Earthwise Farm

Photo credit: Juliana Christiansen

The land that Earthwise Farm sits on has a long and turbulent history. For decades, developers have tried to do what developers do, develop the land. The Southlands, located in Tsawwassen, a part of South Delta, is not in the agricultural land reserve, but the municipality has designated the 537 acre parcel for agricultural use. It is also in Metro Vancouver’s Green Zone.

Century Group, the developer, who has owned the property since the early 1990s, has an innovative plan for the land, based on sustainable design principles and with local food and human-scale farming at its core. They have been engaged in a long and expensive community process and have submitted several plans to Delta officials. The latest one in July of 2011 contained an application to amend Delta’s Official Community Plan and to rezone the property. A decision on the Southland’s future will likely be made this fall.

In the midst of all the controversy, a 2.5 acre community farm has been quietly operating. Century Group allowed Earthwise Society to use the land at no charge and to upgrade a few of the existing out buildings for its programs. Earthwise also has a long history in Delta. As Delta Recycling Society, they ran both the recycling depot and demonstration gardens at other locations for many years. In 2006 they moved to the Southlands and created the Boundary Bay Earthwise Organic Farm and Garden. James Gates is the farm manager, with duties that extend well beyond farming.

With the help of volunteers and apprentices, James grows a wide variety of vegetables including leafy greens, root crops, peppers, eggplants, cucumbers, squash, kale, chard and heirloom tomatoes.

Photo credit: Michelle McEwan

“We try to grow varieties you can’t find in the grocery store,” says James. Earthwise has an on-site farm store that is open twice a week and a 30 member Community Supported Agriculture program (CSA). They also provide a Family Harvest Box for low-income families – all require a steady supply of fresh produce.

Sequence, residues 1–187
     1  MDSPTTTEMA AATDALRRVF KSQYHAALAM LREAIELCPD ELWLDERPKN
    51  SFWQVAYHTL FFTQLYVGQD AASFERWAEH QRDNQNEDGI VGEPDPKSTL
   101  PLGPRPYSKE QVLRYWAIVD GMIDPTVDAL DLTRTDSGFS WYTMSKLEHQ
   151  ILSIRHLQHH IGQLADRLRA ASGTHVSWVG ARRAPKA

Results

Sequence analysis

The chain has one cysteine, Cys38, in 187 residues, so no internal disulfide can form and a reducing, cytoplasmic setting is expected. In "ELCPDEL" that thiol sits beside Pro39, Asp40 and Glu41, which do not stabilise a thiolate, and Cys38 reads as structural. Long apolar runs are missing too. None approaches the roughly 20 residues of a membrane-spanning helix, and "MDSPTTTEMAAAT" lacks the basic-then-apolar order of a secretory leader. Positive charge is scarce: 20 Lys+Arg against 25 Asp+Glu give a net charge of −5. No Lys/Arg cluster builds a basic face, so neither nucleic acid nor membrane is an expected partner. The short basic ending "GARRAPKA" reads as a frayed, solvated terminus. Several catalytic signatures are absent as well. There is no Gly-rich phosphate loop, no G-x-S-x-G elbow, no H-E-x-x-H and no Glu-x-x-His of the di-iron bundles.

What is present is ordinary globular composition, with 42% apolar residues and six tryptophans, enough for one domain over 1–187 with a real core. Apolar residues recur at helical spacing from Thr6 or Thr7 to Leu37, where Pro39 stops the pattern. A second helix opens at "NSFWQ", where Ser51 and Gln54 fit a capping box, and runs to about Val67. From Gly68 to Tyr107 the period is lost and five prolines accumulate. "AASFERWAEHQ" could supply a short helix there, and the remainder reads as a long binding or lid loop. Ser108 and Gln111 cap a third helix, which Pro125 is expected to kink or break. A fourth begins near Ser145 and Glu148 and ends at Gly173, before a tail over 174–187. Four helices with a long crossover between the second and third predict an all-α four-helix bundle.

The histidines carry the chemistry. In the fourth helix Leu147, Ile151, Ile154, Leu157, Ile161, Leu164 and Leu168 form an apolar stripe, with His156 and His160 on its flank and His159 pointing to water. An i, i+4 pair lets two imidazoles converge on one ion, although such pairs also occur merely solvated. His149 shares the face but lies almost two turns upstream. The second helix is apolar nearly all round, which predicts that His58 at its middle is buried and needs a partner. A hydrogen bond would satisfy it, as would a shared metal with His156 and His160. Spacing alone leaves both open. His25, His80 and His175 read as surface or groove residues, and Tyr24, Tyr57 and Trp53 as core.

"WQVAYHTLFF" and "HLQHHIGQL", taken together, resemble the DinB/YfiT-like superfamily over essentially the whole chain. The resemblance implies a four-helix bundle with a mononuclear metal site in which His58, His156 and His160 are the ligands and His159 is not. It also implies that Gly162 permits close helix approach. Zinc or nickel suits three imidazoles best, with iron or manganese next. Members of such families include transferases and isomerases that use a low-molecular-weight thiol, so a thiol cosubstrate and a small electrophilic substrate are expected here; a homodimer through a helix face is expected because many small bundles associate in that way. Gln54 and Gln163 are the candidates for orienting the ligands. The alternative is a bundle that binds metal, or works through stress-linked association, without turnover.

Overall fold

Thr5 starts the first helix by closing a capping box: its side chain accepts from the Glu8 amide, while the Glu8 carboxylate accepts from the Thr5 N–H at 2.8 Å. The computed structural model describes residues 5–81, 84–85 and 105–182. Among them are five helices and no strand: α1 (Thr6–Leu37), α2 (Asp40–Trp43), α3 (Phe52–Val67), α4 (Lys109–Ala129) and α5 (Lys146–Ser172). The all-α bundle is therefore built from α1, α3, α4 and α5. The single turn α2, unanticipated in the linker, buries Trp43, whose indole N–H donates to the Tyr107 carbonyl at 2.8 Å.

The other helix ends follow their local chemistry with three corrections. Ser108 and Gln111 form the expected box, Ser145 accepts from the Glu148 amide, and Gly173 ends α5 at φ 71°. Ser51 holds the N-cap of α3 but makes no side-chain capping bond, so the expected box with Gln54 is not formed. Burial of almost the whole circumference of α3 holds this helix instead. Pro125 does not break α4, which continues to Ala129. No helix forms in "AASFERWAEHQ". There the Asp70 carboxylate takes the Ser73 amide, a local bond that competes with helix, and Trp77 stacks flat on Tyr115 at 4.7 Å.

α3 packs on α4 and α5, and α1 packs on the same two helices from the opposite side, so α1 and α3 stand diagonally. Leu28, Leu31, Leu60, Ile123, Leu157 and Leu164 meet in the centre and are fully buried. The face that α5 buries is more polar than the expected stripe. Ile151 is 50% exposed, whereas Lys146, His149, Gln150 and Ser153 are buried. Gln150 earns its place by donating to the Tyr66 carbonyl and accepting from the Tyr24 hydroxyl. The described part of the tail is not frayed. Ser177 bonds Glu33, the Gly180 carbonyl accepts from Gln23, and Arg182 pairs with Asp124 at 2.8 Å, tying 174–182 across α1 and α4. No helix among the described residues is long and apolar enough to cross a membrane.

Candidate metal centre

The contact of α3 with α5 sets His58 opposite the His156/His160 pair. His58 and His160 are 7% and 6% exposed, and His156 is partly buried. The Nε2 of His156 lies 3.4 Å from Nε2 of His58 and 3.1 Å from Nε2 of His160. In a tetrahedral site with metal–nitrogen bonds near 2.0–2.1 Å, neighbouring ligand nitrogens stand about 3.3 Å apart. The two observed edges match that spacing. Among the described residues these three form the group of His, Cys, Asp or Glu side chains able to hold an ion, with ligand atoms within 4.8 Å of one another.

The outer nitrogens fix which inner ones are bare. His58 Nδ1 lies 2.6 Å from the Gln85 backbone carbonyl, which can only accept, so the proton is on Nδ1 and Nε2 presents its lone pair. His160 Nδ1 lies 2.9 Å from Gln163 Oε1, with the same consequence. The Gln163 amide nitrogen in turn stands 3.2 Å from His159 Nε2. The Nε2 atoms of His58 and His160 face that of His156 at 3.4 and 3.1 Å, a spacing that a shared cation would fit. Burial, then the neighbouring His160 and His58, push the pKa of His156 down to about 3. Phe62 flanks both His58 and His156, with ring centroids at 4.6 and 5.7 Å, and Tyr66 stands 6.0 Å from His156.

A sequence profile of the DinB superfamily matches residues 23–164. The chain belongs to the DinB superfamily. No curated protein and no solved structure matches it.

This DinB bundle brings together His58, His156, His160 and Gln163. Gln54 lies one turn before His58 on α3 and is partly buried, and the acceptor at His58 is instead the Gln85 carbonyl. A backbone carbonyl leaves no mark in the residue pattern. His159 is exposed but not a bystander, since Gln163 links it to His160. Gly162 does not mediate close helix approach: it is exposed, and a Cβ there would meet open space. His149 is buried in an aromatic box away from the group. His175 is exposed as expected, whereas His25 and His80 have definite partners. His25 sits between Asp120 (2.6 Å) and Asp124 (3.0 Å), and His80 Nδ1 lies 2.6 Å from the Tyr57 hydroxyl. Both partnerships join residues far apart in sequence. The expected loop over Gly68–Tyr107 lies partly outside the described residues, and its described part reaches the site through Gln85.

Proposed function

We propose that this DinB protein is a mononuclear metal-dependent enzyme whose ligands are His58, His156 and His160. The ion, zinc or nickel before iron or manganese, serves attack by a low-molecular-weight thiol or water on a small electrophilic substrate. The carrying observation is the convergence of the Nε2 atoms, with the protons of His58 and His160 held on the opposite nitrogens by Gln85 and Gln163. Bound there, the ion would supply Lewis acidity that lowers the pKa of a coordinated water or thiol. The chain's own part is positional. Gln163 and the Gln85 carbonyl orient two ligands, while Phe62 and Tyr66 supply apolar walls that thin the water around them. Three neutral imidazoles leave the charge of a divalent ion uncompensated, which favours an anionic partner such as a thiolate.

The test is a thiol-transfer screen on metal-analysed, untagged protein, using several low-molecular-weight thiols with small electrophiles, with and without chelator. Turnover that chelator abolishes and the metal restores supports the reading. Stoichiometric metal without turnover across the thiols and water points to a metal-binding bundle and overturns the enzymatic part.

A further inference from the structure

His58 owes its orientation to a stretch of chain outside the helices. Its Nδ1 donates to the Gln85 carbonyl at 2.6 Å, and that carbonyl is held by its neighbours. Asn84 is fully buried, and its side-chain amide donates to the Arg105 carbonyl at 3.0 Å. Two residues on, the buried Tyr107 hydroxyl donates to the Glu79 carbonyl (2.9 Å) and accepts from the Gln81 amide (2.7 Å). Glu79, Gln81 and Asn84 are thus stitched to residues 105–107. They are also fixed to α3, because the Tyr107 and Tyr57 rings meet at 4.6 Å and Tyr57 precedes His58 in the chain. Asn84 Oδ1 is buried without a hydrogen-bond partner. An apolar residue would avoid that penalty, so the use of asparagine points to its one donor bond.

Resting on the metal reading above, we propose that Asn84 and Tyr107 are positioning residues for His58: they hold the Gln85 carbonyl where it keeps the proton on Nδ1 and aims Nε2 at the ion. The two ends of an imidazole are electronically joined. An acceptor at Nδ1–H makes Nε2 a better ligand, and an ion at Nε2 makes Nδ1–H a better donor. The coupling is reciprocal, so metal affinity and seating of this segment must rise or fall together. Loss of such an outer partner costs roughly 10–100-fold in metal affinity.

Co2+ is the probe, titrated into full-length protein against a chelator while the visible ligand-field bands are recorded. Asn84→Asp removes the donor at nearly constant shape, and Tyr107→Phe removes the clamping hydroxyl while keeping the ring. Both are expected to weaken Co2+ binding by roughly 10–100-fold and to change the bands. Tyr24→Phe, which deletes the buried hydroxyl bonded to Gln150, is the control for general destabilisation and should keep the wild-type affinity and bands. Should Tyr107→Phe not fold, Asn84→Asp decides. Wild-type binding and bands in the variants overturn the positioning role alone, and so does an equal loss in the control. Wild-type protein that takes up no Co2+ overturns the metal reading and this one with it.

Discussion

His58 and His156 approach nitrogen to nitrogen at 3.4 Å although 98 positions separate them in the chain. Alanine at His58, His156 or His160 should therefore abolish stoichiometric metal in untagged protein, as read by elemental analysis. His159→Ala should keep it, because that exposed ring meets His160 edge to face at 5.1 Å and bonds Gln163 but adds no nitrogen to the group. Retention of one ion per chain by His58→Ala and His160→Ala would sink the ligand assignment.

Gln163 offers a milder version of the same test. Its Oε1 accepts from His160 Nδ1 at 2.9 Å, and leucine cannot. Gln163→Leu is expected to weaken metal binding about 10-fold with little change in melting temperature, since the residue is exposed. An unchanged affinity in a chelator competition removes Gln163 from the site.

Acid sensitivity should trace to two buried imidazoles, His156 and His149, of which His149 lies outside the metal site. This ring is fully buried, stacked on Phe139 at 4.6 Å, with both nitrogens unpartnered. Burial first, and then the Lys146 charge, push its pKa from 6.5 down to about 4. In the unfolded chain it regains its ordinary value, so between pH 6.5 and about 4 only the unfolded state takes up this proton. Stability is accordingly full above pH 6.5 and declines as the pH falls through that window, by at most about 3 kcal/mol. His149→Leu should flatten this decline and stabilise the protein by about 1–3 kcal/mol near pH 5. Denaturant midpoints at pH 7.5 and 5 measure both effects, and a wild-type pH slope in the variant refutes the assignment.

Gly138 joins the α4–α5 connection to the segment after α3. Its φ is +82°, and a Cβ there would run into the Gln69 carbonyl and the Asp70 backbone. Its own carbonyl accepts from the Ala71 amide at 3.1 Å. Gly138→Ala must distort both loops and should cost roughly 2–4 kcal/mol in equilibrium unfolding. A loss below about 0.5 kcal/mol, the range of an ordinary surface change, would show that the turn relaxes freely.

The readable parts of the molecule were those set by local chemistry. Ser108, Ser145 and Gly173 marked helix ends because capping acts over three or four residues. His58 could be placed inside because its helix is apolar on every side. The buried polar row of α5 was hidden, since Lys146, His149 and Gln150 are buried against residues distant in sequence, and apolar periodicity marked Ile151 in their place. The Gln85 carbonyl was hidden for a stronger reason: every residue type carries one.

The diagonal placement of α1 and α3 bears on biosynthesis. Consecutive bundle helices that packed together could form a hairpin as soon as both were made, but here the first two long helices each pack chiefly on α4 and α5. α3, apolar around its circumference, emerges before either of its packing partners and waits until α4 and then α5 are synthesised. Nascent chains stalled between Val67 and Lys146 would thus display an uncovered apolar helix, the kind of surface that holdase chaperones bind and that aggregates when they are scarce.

It helps that the farm runs an Apprenticeship Program for young farmers and engages the help of many community volunteers. A Delta couple looks after the tomatoes in the two hoop houses, for example, producing over 2000 pounds of heirloom tomatoes each summer.

The Earthwise Society has many other educational programs including an Organic Master Gardener program, workshops on a variety of topics including composting, “Birds & Bugs,” and tours for school and community groups. One of their key programs for the past two years has been “Feed the Bees,” a community wide campaign to support healthy pollinator populations.

They also run two high school programs. The first is offered as a for credit science course in Sustainable Resources, those students work in the garden weekly. “Field to Fork” is for high school students in the Culinary Arts program.

Other site features include a one-acre ecological garden with native and drought tolerant plants, a community garden and an outdoor bake oven for community gatherings. All of the Earthwise programming encourages Delta residents to become stewards of the land and promotes ecological gardening and farming. The group has a strong and loyal following in the community.

The farm was granted organic status this year, certified by the BC Association for Regenerative Agriculture. The decision to go organic was two-fold according to Executive Director Patricia Fleming. “The organic designation reflects the farm’s commitment to organic agricultural methods and the importance of letting the public make informed choices about their purchases.”

James adds, “The organic designation is about branding for us too. It helps to open up other markets.” The garden also sells to two local restaurants and a grocery store.

While James has some of the usual challenges that other farmers have with growing food, the biggest challenge for him is the other duties. “Managing volunteers and other programs takes up a lot of mind space and body energy,” he says.

At the same time, he gets a real kick out of working with the Grade 11 and 12 students. “It’s great when you see their eyes light up, like when they’re standing in the rows of veggies they are growing for a meal at the end of the school year. They feel so satisfied and kind of proud that the vegetables they have chosen to plant are now growing.”

There are surprises too, on one occasion a group of girls became fascinated by the farm’s new tractor and its hydraulic system.

Photo credit: Juliana Christiansen

As for the future, Century Group has integrated Earthwise into their plans, which will be decided on this fall. The existing gardens will be at the heart of the village square. For details on the proposed Southlands development, visit Imagine Southlands.


This article first appeared in BC Organic Grower Magazine, Summer Issue, 2012, Volume 3, Issue 15.

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